HUNTER children entering kindergarten in 2017 will be old enough to have their own kids in school by the time the state’s education maintenance backlog is caught up, new figures reveal.
Labor has accused the Berejiklian government of failing “a generation of children” after documents released under freedom of information laws revealed there is $775 million in outstanding maintenance on the state’s schools.
In the Hunter, there are 19 schools with more than $1 million in outstanding work, including $2.1 million at the Hunter Sports High School in the Charlestown electorate, and $1.9 million at Rutherford High School in Maitland.
But the government has allocated just $65 million in 2017 to address the backlog, and for some schools it will take decades to catch up if current funding arrangements remain in place.
At Waratah West Public School in Wallsend, for example, the current maintenance backlog is $720,000, but only $22,200 has been allocated to the problem this year. Based on those figures it would take 33 years – long enough for a child entering kindergarten in 2017 to see their own children finish year 12 – before it was caught up.
Labor’s shadow education minister Jihad Dib the government had a “once-in-a-generation opportunity” to fix the problem.
“This is a government that loves to gloat about its budget surplus,” he said.
“It’s time to stop boasting and spend some money on building schools and repairing the ones that need it.”
The NSW education department defended its maintenance policies, saying backlog “reflects the estimated cost of current and future repair work required to ensure buildings continue to perform at an acceptable level”.
A spokesman said the most recent state budget included $330 million across two years to address backlog maintenance items.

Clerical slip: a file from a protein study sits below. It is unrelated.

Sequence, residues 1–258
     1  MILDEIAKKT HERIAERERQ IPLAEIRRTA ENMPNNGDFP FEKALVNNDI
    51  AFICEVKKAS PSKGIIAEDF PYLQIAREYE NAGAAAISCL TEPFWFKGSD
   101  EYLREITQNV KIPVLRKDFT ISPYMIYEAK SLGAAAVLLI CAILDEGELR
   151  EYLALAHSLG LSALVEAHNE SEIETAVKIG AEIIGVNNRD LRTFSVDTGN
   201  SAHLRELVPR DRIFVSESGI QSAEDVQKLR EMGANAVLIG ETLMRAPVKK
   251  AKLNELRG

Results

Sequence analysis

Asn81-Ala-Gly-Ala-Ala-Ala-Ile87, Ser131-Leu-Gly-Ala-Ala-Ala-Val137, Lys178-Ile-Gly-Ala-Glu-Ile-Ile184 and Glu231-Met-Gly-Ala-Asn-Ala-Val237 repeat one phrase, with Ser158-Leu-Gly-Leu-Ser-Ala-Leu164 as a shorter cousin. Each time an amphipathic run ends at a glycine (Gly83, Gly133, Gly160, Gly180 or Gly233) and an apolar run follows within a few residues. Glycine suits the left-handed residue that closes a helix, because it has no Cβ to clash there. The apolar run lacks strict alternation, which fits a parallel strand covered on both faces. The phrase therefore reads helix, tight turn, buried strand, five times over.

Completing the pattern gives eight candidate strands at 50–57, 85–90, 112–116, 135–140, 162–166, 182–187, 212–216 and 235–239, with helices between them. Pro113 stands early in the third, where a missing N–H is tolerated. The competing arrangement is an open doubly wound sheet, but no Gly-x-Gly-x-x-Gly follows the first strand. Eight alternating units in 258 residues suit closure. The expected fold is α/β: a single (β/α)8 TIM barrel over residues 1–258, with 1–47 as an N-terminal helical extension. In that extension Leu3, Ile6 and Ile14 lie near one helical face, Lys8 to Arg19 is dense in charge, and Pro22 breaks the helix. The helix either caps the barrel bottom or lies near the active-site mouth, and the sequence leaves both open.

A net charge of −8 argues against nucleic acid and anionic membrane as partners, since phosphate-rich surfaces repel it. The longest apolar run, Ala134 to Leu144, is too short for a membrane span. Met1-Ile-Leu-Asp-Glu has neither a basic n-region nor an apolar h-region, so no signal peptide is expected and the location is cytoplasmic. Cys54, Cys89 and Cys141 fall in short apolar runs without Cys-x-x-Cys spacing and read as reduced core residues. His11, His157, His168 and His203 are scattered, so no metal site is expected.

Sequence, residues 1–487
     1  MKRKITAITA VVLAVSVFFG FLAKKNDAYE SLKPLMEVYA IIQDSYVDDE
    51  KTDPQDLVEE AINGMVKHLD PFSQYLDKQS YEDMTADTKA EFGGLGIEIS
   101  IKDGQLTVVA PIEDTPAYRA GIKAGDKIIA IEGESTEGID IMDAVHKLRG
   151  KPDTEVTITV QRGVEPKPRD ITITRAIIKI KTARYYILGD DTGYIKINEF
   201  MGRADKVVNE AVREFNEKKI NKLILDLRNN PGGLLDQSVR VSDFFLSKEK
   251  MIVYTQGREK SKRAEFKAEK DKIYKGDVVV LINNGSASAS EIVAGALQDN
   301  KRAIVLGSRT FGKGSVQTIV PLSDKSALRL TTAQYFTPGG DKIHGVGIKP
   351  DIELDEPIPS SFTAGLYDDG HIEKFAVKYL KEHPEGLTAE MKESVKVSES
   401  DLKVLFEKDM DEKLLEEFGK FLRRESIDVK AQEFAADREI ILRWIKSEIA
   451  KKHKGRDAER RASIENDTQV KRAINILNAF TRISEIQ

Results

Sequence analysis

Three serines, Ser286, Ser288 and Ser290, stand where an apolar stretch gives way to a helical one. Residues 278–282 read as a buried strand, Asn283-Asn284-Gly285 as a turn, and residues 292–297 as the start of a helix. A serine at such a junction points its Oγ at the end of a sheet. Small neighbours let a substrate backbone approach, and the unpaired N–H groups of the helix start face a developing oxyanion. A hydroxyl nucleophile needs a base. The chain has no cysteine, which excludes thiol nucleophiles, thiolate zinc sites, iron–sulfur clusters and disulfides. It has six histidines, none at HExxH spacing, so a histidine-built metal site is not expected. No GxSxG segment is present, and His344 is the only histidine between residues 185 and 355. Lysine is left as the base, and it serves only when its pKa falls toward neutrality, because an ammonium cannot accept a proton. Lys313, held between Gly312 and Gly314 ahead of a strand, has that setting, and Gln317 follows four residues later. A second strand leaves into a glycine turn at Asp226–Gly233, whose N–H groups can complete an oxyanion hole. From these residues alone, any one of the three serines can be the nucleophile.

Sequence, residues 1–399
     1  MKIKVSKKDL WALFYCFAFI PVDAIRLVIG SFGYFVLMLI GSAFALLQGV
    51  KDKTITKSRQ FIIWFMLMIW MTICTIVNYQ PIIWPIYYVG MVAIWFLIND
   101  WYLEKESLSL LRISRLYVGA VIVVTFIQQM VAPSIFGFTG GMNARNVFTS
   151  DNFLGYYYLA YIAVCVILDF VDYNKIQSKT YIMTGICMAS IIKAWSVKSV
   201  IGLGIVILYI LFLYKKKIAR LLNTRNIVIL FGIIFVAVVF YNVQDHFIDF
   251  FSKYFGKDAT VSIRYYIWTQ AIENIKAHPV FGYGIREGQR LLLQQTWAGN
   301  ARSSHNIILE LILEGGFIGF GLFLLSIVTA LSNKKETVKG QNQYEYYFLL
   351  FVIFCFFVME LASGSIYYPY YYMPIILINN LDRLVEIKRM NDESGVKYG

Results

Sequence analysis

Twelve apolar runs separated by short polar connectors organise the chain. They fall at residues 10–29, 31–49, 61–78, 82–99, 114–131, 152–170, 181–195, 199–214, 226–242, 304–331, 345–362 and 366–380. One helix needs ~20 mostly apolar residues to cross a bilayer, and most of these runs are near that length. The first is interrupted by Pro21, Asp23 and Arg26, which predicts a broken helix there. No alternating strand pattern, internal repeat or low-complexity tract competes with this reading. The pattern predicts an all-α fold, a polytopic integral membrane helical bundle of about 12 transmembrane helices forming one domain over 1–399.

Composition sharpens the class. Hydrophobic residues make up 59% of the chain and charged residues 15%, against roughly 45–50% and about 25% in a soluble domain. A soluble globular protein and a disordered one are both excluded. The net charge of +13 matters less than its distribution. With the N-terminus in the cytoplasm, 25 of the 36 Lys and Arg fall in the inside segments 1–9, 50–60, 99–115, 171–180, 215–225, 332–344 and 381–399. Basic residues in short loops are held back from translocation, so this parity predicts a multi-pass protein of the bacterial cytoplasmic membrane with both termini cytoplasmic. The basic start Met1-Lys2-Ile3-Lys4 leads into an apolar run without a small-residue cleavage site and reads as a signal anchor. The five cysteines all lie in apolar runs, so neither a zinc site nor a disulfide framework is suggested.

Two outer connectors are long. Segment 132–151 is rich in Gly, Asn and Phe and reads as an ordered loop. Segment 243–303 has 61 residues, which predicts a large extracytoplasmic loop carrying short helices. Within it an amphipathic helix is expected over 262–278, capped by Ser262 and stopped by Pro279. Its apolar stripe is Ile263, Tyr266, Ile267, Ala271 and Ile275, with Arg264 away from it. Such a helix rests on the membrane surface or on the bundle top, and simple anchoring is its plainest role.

“While individual schools will still have backlog maintenance items that will need to be addressed in the future, this funding will reduce the backlog maintenance across the government school system,” he said.
NSW Teachers Federation Hunter organiser Jack Galvin Waight said the backlog was “a long standing issue” in the Hunter.
“The state government simply has to prioritise capital works funding and maintenance backlogs in our schools,” he said.
“Roads and infrastructure are important but so are our students and teachers.”
Education Minister Rob Stokes released a draft policy on Saturday designed to streamline approvals for building schools, and said he wanted to build at least a dozen new schools a year.
“The state government needs to lift its game on this matter and prioritise the building of new schools and the maintenance of existing ones.”
Newcastle MP Tim Crakanthorp said it was “disappointing that this Government is letting our children down in the very important area of education”.
“As a father of four children who will be attending public schools, it concerns me that there are such long backlogs in the maintenance of our schools,” he said.